Psych 367 (Health Psychology)
Psych 367 (Health Psychology) PSY 355
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This 4 page Class Notes was uploaded by Shelby Nesbitt on Sunday January 17, 2016. The Class Notes belongs to PSY 355 at Grand Valley State University taught by Dr. Kristy Dean in Winter 2016. Since its upload, it has received 48 views. For similar materials see Psychology & Culture in Psychlogy at Grand Valley State University.
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Date Created: 01/17/16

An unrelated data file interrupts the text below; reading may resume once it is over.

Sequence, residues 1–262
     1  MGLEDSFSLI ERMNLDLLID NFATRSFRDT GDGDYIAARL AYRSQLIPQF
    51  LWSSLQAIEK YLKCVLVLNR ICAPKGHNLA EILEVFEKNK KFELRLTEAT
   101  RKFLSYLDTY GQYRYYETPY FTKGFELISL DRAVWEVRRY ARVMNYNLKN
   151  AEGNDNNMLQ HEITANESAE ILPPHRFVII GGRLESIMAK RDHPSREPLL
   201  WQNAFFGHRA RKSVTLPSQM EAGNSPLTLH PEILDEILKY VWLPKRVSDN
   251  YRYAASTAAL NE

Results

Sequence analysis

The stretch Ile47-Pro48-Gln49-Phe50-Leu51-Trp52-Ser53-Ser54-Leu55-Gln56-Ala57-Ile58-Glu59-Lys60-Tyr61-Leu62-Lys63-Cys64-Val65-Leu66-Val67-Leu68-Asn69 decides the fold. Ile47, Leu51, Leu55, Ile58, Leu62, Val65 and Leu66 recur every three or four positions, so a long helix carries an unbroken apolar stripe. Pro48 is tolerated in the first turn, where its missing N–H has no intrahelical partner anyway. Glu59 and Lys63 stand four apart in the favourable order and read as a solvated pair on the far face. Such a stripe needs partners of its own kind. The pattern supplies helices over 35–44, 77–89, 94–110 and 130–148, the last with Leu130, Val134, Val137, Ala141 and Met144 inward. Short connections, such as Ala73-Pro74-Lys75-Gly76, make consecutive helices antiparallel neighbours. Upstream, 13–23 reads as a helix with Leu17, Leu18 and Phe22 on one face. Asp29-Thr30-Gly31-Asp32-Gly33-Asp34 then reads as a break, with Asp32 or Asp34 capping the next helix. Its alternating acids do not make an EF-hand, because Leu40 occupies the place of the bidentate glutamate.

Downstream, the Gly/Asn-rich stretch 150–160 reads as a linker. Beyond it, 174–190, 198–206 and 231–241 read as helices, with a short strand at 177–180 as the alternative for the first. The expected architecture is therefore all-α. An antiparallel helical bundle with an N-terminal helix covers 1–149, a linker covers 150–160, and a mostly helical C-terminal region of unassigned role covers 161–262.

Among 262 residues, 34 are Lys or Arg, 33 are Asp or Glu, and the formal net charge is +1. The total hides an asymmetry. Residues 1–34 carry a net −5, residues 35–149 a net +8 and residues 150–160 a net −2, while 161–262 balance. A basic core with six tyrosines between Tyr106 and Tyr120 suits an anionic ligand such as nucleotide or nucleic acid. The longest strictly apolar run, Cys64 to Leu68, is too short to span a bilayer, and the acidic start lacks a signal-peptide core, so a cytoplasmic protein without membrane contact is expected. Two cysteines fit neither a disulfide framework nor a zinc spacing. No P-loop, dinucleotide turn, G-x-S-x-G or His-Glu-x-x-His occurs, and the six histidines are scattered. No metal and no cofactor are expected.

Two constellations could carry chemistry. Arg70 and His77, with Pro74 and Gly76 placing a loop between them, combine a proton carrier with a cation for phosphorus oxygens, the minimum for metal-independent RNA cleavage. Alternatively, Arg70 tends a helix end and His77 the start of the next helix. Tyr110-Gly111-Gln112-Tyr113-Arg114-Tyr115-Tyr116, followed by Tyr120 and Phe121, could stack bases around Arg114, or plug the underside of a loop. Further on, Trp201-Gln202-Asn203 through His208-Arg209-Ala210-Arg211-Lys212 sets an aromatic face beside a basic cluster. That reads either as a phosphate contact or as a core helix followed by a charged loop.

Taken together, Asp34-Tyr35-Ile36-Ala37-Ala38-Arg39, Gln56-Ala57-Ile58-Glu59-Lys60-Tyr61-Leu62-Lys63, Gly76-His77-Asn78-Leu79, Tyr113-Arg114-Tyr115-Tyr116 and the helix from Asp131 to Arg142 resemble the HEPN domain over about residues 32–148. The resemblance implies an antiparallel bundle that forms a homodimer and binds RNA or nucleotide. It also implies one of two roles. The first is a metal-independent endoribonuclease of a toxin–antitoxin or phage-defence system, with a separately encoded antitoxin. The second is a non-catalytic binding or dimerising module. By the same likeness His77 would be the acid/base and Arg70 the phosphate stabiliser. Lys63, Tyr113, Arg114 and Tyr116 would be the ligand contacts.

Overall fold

Health Psychology Notes What is health psychology? o The application of psychological principles and research to the enhancement of health and the prevention/treatment of illness o What are health psychologists study? Branch of psychology that focuses on how mental, emotional and social factors affect a person’s physical wellbeing o Division 38 was formed in 1978 o Apply principles and theories of psychology to physical health How do conditions such as anxiety & depression influence physical health? o Although formed in ’78, physical health not officially recognized as outcome until 2001 Why? Because no empirical data from longitudinal studies World Health Organization’s definition of health (1948)- health is a complete state of well-being that includes physical health, psychological/mental health, and social health o Not merely the absence of disease or infirmary Biopsychosocial model- AKA “systems approach”, says there are biological, psychological, & social factors to health 3 broad questions: o How do people stay healthy? (newest question) o Why do people become ill? o How do people behave when they become ill? (oldest) Focus: Chronic Illnesses (CIs) o What are CIs? A disease that has a long duration, can be managed but not cured, can be severe, has warning signs, slow developing o Examples: heart disease, HIV, cancer, diabetes o Non-deterministic CIs: diseases that have biological bases, psychological & social factors can interact w/biological bases to influence both CAUSE & ADJUSTMENT Just because someone has a biological base, does not mean they WILL develop the disease o Behavior is a huge factor The mind & body: connected vs not connected o Stone age: What caused illness? “evil spirits” invaded mind and then the body would fail as a result How was it cured? Trephination (drill a hole in the head/skull to release “evil spirits”) Focus mind o Ancient Greeks & Romans Hippocrates What caused illness? Humoral theory- 4 humors (blood, black bile, yellow bile, phlegm); off- balance of 4 fluids cause illness How does this compare to Stone age? More scientific Focus body o Middle ages What caused illness? God’s wrath Church dominated society not allowed to dissect bodies How is illness treated/cured? Praying, become a good Christian, ask God for forgiveness o Renaissance Dominated by science and medicine What caused illness? THE BODY Two key figures Vesalius o Physician (father of human anatomy), published volume of anatomical drawings based on several dissections on human bodies Descartes o Philosopher o Separation of mind & body (dualism) o Mind was not governed by laws of nature & only humans have minds o Post-Renaissance Ideas of Renaissance progressed & flourished Inventions (microscope); scientific advances (autopsy, X-ray, anesthesia) Body is cause of illness, mind is ignored What was seen as fundamental basis for diagnosis & treatment of illness? Biomedical model o Early to mid 1900s some began to question biology as sole basis for illness Rise of psychiatrists; mind possibly causes illness Sigmund Freud: Linked repressed internal conflicts to physical problems/illness Conversion hysteria conflicts in mind manifest as physical problem Events from past influence current problems Psychoanalysis Flanders Dunbar & Franz Alexander Linked personality to specific illness Ex) the “ulcer-prone personality” Psychosomatic Medicine o Somatoform disorders What are they? Physical diseases could develop SOLEY from psychological issues Examples: ulcers, hypothyroidism, rheumatoid arthritis, colitis, hypertension The case of Helicobacter pylori- bacteria in GI tract causes 80% of ulcers but only 4/5 people with the bacteria don’t develop the ulcers (stress could be a factor in ulcer development) o Psychosomatic disorders Disease in which psychological factors play a significant cause in development Two models o Biopsychosocial model- health & illness are consequence of psychological, social and biological factors o Biomedical model- all illness can be explained on basis of bodily processes; little regard for psychological & social factors Example o The biopsychosocial model: Imagine a researcher who is interested in developing an intervention (AKA experiment) to improve healthy eating Consider all of the factors that influence people’s eating behaviors Biological factors- metabolism, genetic factors (super tasters) Psychological factors- body image, emotions, clinical diagnoses, distraction Social factors- childhood eating habits, learn from parents, attitudes, food associations, social setting, cost, location Experiments o The best way to test research questions Why? Able to control for confounding/extraneous factors can establish cause & effect o Independent variable: variable that researcher manipulates/changes, can have 1 or 2 independent variables o Dependent variable: variable researcher measures o Experimental vs control group: Experimental group- group of people in experiment that are given the independent variable Control group- group of people in experiment that are not given independent variable and are used as comparison to experimental group o Random assignment is KEY Each participant has an equal chance of being assigned to the experimental & control groups Assures that differences among participants will be equally distributed across groups If you observe a difference after IV (independent variable), means it is due to IV Randomized Controlled (or Randomized Clinical) Trials “RTC” How do they differ from laboratory experiments? o Measure variables over times (prospective) o Always include baseline assessment Can test within-subjects & between-subjects differences Follow the same subjects closely over time, usually lengthy period They are assessed at baseline & then multiple points after All aspects of participation are the same for different groups, EXCEPT IV May be blinded in different ways: o Single blind- only participant doesn’t know if they’re part of experimental/control group o Double blind- both researcher & participant don’t know who is in experimental/control group